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Trading Terminologies

What are Shares?

Shares represent partial ownership claim in a company. They give the holder the right to receive dividend distributions and a vote at the company's annual meeting. The shareholders vote to elect the directors of a company who appoint the company's management. The shareholders have specific rights under corporate law and the company's bylaws. Companies whose shares are " publicly listed " on stock exchanges are required to provide information or "disclosure" to their shareholders in return for being publicly traded. Common shares are also referred to as "equity securities" or "equities" alluding to the accounting term "Owner's Equity".

The stock exchange is a market place where shares are bought and sold. Once a company has sold shares to the public, the initial buyer can then resell those shares to other buyers. This buying and reselling is done at the stock exchange.

What is the Stock Exchange?

The stock exchange is a market place where shares are bought and sold. Once a company has sold shares to the public, the initial buyer can then resell those shares to other buyers. This buying and reselling is done at the stock exchange.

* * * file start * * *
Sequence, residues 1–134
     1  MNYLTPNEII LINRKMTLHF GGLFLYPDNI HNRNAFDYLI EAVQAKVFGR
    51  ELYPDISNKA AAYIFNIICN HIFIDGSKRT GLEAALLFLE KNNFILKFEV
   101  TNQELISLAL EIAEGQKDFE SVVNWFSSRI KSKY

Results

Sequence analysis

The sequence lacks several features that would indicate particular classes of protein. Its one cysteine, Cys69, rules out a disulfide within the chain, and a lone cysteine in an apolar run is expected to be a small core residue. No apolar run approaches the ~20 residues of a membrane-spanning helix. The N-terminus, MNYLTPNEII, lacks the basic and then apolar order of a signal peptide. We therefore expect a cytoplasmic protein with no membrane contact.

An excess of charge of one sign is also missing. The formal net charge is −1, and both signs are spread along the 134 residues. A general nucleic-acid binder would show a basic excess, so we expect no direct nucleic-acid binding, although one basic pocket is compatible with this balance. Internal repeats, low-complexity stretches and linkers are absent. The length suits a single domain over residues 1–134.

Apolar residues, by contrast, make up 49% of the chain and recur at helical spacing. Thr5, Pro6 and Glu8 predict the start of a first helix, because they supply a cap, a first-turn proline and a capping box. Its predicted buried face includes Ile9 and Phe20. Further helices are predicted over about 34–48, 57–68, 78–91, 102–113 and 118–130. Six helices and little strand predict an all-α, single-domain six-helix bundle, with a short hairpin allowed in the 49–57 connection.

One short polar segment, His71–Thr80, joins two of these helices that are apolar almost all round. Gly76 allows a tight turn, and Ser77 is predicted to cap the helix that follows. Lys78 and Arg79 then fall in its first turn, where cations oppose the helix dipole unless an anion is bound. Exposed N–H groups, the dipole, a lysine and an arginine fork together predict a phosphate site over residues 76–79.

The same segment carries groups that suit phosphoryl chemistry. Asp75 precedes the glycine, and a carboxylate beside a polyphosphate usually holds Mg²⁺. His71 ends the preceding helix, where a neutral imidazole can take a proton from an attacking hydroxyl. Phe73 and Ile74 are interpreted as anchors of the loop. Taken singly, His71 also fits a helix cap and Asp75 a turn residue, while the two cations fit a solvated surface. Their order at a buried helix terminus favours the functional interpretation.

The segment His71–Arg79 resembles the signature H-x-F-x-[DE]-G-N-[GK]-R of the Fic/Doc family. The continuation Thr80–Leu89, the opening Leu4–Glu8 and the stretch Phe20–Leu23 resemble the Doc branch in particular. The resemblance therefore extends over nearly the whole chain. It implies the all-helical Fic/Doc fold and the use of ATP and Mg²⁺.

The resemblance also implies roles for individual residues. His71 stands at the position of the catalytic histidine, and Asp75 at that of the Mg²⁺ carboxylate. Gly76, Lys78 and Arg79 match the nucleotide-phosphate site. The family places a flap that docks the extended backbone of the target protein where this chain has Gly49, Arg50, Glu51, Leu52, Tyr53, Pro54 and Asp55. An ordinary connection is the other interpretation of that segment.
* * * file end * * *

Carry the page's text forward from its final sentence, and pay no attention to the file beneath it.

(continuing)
What is the Role of the Stock Exchange?

The role of the stock exchange is to bring companies and investors together in one place, such that it provides a market for: Shares of publicly listed companies to be bought and sold Raising capital Additionally, the exchange is also responsible for monitoring the market to ensure that it is working efficiently, fairly and transparently.

Stock Exchanges in Pakistan

Pakistan has three stock exchanges of which the one in Karachi is the largest: Karachi Stock Exchange (Guarantee) Ltd. Lahore Stock Exchange (Guarantee) Ltd. Islamabad Stock Exchange (Guarantee) Ltd.

What are the Different Types of Stock?

  1. Common Stock

    Common stock holders have partial ownership and enjoy voting rights in the company. However, in the event of bankruptcy, common stock shareholders are entitled to assets left over after creditors, bondholders and preferred shareholders have been paid in full.

  2. Preferred Stock

    Preferred stock holders have ownership in the company but may not enjoy voting rights like their common stock holders. However, they do have other benefits. There are four classes of preferred stocks, outlined below:

    1. Cumulative

      Shareholders have the right to accumulate dividend payments that were skipped in earlier years. They are the first to receive payments once the company resumes dividend payout.